When I got to the part of the letter that says

"I'm always thinking about the day when I will walk down Monticello Ave. again and then just before I go upstairs to my house, I'll yell across the street "Hey Gil I'm back."  

it makes me very sad, because as we know, fate had a  different ending for the story of Sherman Levine.  He never walked down Monticello Avenue again, and when he finally did come back to Chicago in 1947 he came back in a flag-draped pine box. 

Before we say goodbye to Sherman Levine once more, let's take a look at what happened to the rest of the people mentioned in his letter.

We'll start with Gil and Esther.  "Gil" was Gilbert Asher Magida.  He was born in Chicago on June 15, 1922 and died on July 20, 2004.  "Esther" was Esther Harriet Rabinowitz.  She was born in Chicago on November 24, 1922 and died on December 5, 2005.  Gil and Esther were married in 1943.

Esther and Gil Magida

Here's what Blair had to say about her parents:

After high school and some college, he and Mom eloped since he got his draft notice.  He was pretty upset when he was 4F because he was blind in one eye.  So, he continued at  Northwestern and then USC to get his BS and MS in Education.  He and Mom had fifty cents a day for meals while in LA. They lived in one room.  Mom typed his thesis and worked in the USC library and Dad worked for the local park district and went to school full-time.  While in California, he and a bunch of his friends from Von Steuben played basketball in an adult league, just as they did as kids in high school.

Coming back to Chicago, Dad was hired in River Forest as a grade school gym teacher.  Yeah, most of my friends laugh at that, too, since, no, he wasn’t an MD or lawyer or own a company.  But Dad wasn’t just a teacher.  Case in point:  one day I was buying a coat and when I gave the salesperson my credit card with both maiden and last names, she asked me if I was related to Dad and then she told me her story.  Her family moved to River Forest when she was in second grade and now she was the new girl no one befriended.  The kids were really mean. So Dad found out about it and one day when she was not at school, Dad spent much of the class talking about being a “good citizen” (remember that term?!) and kind to everyone.  She said when she came back to class, the kids were totally different.  She stayed in River Forest only one year, and I met her some 30 years later.  But she told me she will never forget how special he was and how he acted on her behalf.  

Dad did this all the time.  His kids knew about being a good sport and a gracious winner. They were taught respect.  Everyone who wanted to, played in every game or activity.  And after he took human anatomy class, he never again let his kids hit the soccer ball with their heads—in the 50’s.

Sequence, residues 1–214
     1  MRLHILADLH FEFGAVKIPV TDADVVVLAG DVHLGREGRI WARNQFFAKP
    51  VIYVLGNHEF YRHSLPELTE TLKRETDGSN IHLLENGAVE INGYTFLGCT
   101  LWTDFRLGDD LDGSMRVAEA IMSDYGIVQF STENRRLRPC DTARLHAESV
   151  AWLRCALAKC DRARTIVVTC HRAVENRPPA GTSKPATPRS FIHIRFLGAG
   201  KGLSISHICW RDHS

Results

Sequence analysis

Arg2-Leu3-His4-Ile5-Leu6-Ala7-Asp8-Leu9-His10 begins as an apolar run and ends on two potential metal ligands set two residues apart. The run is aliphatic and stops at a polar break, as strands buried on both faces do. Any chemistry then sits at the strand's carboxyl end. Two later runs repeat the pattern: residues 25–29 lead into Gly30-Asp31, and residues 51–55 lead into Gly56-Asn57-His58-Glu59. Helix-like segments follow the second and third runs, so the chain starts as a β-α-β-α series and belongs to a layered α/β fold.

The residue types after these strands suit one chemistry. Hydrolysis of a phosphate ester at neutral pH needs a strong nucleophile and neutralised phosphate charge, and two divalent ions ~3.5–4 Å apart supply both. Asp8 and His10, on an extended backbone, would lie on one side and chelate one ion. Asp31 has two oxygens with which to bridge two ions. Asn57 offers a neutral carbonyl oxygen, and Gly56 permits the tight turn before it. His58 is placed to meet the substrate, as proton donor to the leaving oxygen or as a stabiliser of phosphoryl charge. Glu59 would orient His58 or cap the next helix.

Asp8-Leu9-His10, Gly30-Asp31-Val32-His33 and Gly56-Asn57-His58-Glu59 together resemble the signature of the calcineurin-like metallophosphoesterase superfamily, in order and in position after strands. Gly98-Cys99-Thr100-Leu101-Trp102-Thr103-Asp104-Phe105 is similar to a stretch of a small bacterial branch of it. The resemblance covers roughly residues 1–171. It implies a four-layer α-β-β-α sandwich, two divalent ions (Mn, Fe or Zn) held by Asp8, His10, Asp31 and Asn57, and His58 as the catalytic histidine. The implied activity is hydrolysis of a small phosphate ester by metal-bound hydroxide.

Growing up in Oak Park, I found out that both Mom and Dad were members of what was then called The Hemlock Society and actively fought for fair housing in our lily-white suburb.  And everywhere they lived, they were active in synagogue life.

When Sherm talks about “camp”, it’s Camp Interlaken for Boys (Jewish—but not required-- and private) which was in Eagle River, Wisconsin. Dad’s Uncle Herb Magida was an owner and later Dad owned the camp with Joe Kupcinet, (the brother of famous columnist Irv Kupcinet), at the camp every summer, working his way up from camper to counselor to Camp Director.  He later became part-owner of a girls’ camp which I attended.

Leaving River Forest after more than 40 years, he was hired by Park Ridge schools as Curriculum Supervisor where he hired and trained teachers, etc.  He was also on school boards, (bringing a different perspective), taught college courses for several universities, wrote articles for professional educational journals, was active for local political candidates, and donated his services to the Village of Lincolnwood, where they lived, for all kinds of Village-sponsored activities.  And there’s lots more, but you get the idea.

Dad was a true gentleman, always believed in fairness, had an outstanding sense of humor, believed in the goodness of man and thought all deals should be sealed not with lawyers, but a handshake. Mom was one of the smartest people I’ve ever known.  In one class at USC, a prof encouraged her to go to law school, saying he’d pay for all her books (in 1943).  She was kind, very funny, and devoted to us.  I was raised with love and support, and encouraged to pursue any profession, and not just girlie-ones.  Mom and Dad were joined-at-the-hip, totally devoted to each other from the time they were 14.  It was an amazing love affair and it lasted over 60 years.

I won the Parent Lottery and no one is luckier than me.

Gil and Esther Magida